Daily – late afternoon lethargy as the weak North-Western daylight dims. Annoyance with the snowdrops for being so reluctant to appear this year. Stating to The Husband that I was a moany-faced old git, and not having him disagree. Fed up with those admirable space videos with shouty captions telling us how infinitesimally minute we are, therefore entirely without any right whatsoever to moan about anything at all.

Still coughing somewhat, a long six weeks after THE WORST COLD EVER. Totally, utterly bored with wondering what I would make for dinner today… and every other day for decades. Discovering, today, a Facebook file I never knew existed containing messages going back to December 2013. Cross with myself every day for not being more grateful for almost every way in which I am a deeply fortunate person.

And yet – I find myself always able to be responsive to those moments of magic that life weaves into the dreary tapestry of January.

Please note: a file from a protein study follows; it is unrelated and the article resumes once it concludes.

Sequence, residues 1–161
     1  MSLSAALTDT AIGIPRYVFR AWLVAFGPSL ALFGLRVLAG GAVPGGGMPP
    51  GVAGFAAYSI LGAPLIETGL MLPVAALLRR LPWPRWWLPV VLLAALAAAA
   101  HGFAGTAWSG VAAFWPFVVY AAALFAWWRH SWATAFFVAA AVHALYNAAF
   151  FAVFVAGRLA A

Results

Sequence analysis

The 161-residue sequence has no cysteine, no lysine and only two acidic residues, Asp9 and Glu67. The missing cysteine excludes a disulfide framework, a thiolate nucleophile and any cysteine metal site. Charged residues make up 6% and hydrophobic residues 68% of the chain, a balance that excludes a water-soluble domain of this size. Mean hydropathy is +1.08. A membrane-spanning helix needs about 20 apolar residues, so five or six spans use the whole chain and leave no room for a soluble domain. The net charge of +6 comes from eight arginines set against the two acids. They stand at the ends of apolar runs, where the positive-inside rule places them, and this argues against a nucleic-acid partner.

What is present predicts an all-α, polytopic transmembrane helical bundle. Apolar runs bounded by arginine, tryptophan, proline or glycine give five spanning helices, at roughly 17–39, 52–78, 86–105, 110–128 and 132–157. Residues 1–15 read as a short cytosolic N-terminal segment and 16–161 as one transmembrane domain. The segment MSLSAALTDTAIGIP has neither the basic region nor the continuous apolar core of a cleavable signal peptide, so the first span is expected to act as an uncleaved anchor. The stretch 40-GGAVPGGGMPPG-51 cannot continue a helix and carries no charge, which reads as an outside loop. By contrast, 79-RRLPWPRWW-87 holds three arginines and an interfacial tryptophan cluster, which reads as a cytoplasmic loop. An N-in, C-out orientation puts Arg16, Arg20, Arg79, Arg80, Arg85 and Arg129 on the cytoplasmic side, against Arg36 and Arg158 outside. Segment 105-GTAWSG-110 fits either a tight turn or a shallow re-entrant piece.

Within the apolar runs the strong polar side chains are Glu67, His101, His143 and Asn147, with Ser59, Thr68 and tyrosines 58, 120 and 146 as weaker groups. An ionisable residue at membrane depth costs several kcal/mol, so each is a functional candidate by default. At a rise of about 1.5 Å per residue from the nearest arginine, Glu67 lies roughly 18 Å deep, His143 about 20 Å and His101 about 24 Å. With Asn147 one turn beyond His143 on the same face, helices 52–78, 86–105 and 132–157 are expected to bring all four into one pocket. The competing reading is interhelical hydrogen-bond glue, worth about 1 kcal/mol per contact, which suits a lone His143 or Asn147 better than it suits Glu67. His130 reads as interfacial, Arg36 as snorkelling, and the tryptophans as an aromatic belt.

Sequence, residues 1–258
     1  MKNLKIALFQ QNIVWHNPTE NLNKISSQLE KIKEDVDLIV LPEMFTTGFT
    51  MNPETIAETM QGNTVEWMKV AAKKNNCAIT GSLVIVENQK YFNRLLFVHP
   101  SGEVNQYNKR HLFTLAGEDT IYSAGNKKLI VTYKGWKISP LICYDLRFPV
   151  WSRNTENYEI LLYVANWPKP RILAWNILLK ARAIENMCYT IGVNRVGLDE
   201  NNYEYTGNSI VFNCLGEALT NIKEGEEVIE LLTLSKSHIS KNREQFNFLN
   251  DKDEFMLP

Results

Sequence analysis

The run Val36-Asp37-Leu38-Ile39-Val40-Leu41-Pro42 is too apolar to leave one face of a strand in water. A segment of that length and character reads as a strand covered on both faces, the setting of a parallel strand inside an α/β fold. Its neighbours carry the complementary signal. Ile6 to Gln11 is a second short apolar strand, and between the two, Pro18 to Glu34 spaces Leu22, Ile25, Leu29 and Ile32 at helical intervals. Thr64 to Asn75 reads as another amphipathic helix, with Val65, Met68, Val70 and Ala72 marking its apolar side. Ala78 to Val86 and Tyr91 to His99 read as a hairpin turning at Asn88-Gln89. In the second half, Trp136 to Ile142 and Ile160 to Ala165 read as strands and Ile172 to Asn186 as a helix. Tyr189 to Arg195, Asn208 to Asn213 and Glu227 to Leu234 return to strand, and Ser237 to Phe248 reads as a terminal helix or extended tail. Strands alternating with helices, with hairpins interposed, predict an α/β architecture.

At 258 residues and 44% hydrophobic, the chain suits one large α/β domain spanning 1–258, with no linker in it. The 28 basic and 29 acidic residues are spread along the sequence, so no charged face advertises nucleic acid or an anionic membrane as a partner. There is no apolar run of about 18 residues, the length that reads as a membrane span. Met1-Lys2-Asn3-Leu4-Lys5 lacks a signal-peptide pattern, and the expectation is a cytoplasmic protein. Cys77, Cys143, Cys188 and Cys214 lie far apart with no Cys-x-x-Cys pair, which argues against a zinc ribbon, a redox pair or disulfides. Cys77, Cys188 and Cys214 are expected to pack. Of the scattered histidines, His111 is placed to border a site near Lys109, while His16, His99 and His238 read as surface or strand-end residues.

Today, having my first ever Facebook videocall – all the way to India – with my brilliant nephew, a person whose insatiable curiosity about EVERYTHING and  bibliophiliac habits are probably worse than mine. It was just great to hear his fresh, first-hand impressions of that astonishing continent, and reminded me of the bright face of modern technology.

And – last Saturday – being granted the grace of capturing some images of pure winter magic as the snow, just for a day, turned our grubby rain-soaked city into wonderland. Enjoy some of those photos, as we cold and grumpy Northern people gradually turn our faces to the blessing of  Spring. As the poet Shelley so beautifully put it in his great Ode to the West Wind:

“If Winter comes, can Spring be far behind?”

Kibble Palace, winter twilight

Kibble Palace Glasgow UK: snowy winter twilight

IMG_2797 IMG_2798 (3)

photos: Anne Whitaker 16.1.16

300 words + images copyright Anne Whitaker 2016
Licensed under Creative Commons – for conditions see Home Page

Starting 2016: fancy a spot of techno-meltdown?

No, I know comfort eating DOES NOT HELP.

It is 15.12 uk time. I know I may be sounding like the X-Files. I feel even Mulder and Scully would be tearing their hair out by now at this impenetrable mystery: why does technology, every so often, gang up on one so comprehensively that only two alternatives are feasible, ie stand out on the public highway and have a loud screaming tantrum, or eat an extremely squidgy, delicious Portuguese custard tart?